SALT LAKE CITY — Getting employees motivated to perform their best can be challenging, but some companies are using an approach born of the video gaming age.
“Gamification” has entered the workplace and it is changing the way some firms get their workers to become more productive.
Gamification is the use of video game thinking and game principles in a non-game context in order to engage users and solve problems.
“The goal is to help people be able to focus on what they are doing and help them understand how the things they do contribute (to the company) and help them see how they progress over time,” said Ryan Elkins, founder and chief executive officer of iActionable — a Salt Lake City-web based gamification software platform that applies game mechanics and principles to non-game applications.
He said the concept works in aiding workers to advance from new employee to workplace master in business processes.
“Gamification tries to address how we can best help people on the journey moving through the system … whether they are working at a call center or a sales desk,” Elkins said. “How do they learn how to use their tools most effectively and do their jobs better.”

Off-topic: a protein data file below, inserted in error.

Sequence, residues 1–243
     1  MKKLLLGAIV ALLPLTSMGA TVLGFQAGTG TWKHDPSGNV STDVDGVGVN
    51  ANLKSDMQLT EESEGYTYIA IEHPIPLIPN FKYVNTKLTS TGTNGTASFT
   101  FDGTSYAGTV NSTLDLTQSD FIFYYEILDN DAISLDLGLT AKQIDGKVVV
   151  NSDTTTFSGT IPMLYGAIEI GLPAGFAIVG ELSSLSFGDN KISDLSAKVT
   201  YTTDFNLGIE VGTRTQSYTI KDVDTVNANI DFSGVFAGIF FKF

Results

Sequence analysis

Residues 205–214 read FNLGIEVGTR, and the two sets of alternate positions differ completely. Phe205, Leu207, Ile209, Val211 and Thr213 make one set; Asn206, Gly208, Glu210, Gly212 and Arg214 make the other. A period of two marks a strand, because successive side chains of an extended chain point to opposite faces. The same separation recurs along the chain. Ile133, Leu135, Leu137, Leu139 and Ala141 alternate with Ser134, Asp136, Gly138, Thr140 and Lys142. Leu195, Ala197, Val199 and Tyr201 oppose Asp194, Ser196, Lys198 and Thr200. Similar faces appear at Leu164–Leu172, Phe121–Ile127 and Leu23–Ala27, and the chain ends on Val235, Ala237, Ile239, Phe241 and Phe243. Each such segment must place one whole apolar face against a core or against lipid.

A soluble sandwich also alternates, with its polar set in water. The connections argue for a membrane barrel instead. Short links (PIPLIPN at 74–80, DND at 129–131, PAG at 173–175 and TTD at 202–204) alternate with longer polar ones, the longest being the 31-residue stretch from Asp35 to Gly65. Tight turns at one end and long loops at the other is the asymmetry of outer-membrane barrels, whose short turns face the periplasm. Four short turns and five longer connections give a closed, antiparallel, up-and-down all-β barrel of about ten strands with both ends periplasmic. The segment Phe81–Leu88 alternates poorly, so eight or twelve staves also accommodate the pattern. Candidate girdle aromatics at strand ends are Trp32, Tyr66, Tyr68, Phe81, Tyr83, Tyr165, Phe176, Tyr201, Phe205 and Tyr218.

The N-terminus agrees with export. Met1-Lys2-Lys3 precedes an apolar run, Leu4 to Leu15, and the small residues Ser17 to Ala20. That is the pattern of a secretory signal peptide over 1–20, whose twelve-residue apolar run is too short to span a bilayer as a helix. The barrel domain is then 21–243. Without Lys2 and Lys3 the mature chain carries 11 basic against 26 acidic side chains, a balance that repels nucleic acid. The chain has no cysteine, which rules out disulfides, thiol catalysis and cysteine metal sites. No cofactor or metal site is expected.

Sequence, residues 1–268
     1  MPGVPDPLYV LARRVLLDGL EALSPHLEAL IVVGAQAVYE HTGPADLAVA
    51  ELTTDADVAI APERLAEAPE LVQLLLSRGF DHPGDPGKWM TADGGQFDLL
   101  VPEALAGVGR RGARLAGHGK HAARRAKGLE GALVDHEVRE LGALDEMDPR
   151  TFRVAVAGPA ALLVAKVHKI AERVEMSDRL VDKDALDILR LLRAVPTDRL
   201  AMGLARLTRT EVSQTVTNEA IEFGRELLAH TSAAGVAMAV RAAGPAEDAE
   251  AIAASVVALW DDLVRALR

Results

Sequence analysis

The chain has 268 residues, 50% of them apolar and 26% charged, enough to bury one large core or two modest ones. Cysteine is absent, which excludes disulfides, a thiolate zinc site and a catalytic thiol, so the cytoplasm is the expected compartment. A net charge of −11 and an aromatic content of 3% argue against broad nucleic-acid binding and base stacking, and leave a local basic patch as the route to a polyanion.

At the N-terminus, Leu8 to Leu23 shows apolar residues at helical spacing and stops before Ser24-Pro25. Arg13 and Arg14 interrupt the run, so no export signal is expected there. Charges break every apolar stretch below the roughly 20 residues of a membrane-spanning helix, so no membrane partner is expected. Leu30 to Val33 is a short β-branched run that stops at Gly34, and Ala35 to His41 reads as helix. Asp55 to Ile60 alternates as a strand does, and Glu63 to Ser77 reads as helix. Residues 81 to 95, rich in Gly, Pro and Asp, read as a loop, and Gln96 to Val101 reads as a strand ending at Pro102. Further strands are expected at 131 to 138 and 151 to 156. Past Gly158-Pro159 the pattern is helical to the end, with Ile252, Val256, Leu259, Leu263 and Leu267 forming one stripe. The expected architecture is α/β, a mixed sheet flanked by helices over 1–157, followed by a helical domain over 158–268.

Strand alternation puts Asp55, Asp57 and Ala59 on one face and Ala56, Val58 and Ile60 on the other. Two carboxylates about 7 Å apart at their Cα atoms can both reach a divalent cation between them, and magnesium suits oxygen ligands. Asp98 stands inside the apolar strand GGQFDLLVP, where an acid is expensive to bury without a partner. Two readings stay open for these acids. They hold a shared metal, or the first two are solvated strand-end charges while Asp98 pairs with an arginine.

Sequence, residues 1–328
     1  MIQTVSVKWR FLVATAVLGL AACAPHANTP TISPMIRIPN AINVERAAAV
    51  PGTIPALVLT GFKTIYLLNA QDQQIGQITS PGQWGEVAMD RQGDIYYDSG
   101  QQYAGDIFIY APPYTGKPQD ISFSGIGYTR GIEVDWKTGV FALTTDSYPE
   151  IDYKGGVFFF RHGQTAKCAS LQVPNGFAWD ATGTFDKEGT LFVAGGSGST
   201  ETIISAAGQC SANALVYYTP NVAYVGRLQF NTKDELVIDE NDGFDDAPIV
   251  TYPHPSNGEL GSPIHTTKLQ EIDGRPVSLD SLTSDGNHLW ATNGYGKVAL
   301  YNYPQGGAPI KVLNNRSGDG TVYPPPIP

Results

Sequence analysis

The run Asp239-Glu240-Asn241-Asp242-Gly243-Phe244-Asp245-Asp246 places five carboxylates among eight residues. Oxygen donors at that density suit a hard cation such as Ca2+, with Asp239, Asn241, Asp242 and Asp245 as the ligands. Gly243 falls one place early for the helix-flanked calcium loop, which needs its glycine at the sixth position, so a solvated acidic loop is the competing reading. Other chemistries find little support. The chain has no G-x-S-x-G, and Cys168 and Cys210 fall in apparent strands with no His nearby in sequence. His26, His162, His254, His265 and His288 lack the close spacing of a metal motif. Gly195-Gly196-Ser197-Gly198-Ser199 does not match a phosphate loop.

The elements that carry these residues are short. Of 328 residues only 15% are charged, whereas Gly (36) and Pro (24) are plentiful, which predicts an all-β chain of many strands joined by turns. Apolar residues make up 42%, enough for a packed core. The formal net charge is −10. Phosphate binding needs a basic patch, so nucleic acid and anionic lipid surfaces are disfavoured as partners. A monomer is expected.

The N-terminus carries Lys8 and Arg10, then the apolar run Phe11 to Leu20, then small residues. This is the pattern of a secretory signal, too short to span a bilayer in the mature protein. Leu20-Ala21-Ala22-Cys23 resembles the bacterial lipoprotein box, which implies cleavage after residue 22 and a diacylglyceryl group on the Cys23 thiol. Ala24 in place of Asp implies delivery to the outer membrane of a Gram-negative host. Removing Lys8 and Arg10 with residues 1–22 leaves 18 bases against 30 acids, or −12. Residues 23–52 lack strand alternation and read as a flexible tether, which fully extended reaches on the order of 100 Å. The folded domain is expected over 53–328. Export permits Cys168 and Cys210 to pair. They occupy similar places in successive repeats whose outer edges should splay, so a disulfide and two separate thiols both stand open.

He said the concept gives managers a way to monitor and track employees progress within a company.
“It's being able to have goals, seeing how well they are meeting those goals and seeing how well they are doing compared to their peers,” Elkins said.
He said much of the data compilied is used to attempt to “quantify a person’s worth,” and give that person and the company enough information to help make better decisions on how they spend their time at work.
“It helps managers do their jobs better because they get better insight,” Elkins said. “If they are decent managers, they can figure out how to better train the people that are struggling or how to pair them up with people that are good at the areas where they are having a hard time.”
Market research indicates that growth of gamification platforms in the workplace will increase from $100 million nationwide in 2012 up to $2.8 billion by 2016, said David Elkington, chief executive officer of Provo-based InsideSales.com.
He noted that Generation Y or millennials — those born in the late 1970’s, the 1980’s and later — are the group most motivated by this “gaming” approach to productivity.
Using big screen monitors with “leaderboards,” workers are able to follow their daily progress compared to their peers, which promotes a higher level of competition among co-workers, and results in increased productivity, he said.
“You’ll see the (competition) not just in sales, but in information technology, human resources, recruiting, in marketing and even in finance,” he said. “You’ll see it in every department. The millennials love competition and incentives.”
He said money is not the only motivator for this generation.
"It’s an issue of recognition, of creating drive and having fun with your coworkers,” Elkington said.
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